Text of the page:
Wednesday, November 23, 2005The National Journal is reporting that:
"Ten days after the September 11, 2001, terrorist attacks on the World Trade Center and the Pentagon, President Bush was told in a highly classified briefing that the U.S. intelligence community had no evidence linking the Iraqi regime of Saddam Hussein to the attacks and that there was scant credible evidence that Iraq had any significant collaborative ties with Al Qaeda, according to government records and current and former officials with firsthand knowledge of the matter...
"... The Senate Intelligence Committee has asked the White House for the CIA assessment, the PDB of September 21, 2001, and dozens of other PDBs as part of the committee's ongoing investigation into whether the Bush administration misrepresented intelligence information in the run-up to war with Iraq. The Bush administration has refused to turn over these documents."
Smoking Gun? Looks like one to me. More proof the Bush administration knowlingly lied in the run-up to war with Iraq.
"The information was provided to Bush on September 21, 2001 during the "President's Daily Brief," a 30- to 45-minute early-morning national security briefing. Information for PDBs has routinely been derived from electronic intercepts, human agents, and reports from foreign intelligence services, as well as more mundane sources such as news reports and public statements by foreign leaders.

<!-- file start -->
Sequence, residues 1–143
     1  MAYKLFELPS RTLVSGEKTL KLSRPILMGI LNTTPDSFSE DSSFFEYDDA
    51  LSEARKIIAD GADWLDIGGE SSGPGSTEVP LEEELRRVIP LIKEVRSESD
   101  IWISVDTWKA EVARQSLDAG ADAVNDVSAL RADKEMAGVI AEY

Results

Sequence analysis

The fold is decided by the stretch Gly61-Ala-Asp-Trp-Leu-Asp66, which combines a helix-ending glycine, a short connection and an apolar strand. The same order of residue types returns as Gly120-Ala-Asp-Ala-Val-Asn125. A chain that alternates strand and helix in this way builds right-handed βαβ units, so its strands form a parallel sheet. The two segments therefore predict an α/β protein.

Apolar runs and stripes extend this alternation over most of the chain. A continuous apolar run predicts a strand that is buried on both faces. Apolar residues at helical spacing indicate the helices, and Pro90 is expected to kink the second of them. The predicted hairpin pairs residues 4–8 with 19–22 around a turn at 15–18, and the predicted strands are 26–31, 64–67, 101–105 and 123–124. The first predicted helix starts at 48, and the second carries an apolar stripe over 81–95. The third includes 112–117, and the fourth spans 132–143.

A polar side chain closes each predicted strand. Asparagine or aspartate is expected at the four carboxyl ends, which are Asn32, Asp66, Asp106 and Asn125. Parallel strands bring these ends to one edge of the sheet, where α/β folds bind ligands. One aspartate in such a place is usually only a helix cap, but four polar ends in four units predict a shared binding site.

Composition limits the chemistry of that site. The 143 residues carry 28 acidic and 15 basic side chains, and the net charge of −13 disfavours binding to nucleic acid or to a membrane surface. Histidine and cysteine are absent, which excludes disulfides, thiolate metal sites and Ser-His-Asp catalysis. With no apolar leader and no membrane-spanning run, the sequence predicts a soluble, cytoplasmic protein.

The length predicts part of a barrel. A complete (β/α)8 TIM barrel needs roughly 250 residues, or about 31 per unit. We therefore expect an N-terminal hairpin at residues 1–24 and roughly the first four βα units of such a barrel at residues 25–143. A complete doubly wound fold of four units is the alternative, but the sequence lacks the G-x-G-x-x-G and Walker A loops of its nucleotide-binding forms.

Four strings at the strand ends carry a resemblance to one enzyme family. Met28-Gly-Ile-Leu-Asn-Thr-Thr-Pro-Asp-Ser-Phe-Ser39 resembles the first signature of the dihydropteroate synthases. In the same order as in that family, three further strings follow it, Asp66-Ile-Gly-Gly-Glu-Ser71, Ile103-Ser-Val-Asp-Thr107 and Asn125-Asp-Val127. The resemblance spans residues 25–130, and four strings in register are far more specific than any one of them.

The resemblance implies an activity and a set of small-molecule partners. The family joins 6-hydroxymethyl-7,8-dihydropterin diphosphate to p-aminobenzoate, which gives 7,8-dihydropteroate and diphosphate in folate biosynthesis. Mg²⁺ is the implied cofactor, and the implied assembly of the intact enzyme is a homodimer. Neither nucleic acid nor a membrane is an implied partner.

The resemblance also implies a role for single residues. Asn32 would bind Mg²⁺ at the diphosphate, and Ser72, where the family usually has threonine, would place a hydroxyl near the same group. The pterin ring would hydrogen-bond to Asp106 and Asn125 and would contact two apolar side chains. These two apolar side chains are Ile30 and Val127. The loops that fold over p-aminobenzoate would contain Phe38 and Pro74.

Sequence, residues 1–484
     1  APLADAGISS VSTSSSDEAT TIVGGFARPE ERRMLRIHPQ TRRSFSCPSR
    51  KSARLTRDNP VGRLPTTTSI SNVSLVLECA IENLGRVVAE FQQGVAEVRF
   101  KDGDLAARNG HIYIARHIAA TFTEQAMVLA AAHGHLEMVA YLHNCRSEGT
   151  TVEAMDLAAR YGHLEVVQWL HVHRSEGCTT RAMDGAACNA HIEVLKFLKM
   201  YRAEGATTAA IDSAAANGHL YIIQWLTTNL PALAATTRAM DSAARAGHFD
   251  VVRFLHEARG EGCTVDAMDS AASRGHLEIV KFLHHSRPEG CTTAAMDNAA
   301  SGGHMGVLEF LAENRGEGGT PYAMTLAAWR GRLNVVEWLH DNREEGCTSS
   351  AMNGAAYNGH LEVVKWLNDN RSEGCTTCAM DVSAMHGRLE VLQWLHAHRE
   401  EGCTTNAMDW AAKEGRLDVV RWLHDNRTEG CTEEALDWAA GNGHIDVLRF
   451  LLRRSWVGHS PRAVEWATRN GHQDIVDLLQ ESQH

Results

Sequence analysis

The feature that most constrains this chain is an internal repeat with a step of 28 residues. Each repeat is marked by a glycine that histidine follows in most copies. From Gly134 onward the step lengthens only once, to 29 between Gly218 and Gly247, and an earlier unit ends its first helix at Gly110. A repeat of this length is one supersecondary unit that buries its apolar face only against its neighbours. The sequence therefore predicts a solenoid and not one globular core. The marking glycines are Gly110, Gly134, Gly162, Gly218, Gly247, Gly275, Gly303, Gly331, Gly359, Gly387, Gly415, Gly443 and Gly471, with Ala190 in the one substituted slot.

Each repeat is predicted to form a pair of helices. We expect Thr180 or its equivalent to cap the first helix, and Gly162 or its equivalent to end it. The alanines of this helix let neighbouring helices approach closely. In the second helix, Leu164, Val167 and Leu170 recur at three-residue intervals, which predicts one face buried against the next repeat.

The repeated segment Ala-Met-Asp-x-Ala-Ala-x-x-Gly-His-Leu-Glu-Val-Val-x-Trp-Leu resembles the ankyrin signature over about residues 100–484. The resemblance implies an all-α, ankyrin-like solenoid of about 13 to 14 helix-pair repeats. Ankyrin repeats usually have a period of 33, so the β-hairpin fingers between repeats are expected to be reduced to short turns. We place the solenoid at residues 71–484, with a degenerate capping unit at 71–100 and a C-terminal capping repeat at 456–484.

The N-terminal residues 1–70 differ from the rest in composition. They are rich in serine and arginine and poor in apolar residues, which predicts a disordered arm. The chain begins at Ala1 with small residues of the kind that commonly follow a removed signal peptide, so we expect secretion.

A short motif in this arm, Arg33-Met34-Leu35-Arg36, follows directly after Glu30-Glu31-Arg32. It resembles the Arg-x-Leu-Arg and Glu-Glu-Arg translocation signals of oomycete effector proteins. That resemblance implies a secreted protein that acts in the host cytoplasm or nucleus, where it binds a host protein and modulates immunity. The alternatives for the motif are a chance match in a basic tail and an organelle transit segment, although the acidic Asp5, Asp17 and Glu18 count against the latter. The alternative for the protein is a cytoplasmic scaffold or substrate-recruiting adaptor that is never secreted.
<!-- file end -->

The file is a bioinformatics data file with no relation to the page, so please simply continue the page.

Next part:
"One of the more intriguing things that Bush was told during the briefing was that the few credible reports of contacts between Iraq and Al Qaeda involved attempts by Saddam Hussein to monitor the terrorist group. Saddam viewed Al Qaeda as well as other theocratic radical Islamist organizations as a potential threat to his secular regime. At one point, analysts believed, Saddam considered infiltrating the ranks of Al Qaeda with Iraqi nationals or even Iraqi intelligence operatives to learn more about its inner workings, according to records and sources.
"The September 21, 2001, briefing was prepared at the request of the president, who was eager in the days following the terrorist attacks to learn all that he could about any possible connection between Iraq and Al Qaeda."